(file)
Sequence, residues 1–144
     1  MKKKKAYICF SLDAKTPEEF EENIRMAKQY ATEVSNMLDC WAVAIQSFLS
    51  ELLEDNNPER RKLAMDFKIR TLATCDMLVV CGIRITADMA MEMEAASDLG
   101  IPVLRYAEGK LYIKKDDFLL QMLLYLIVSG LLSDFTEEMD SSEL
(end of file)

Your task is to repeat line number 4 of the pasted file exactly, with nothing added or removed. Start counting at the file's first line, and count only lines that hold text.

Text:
   101  IPVLRYAEGK LYIKKDDFLL QMLLYLIVSG LLSDFTEEMD SSEL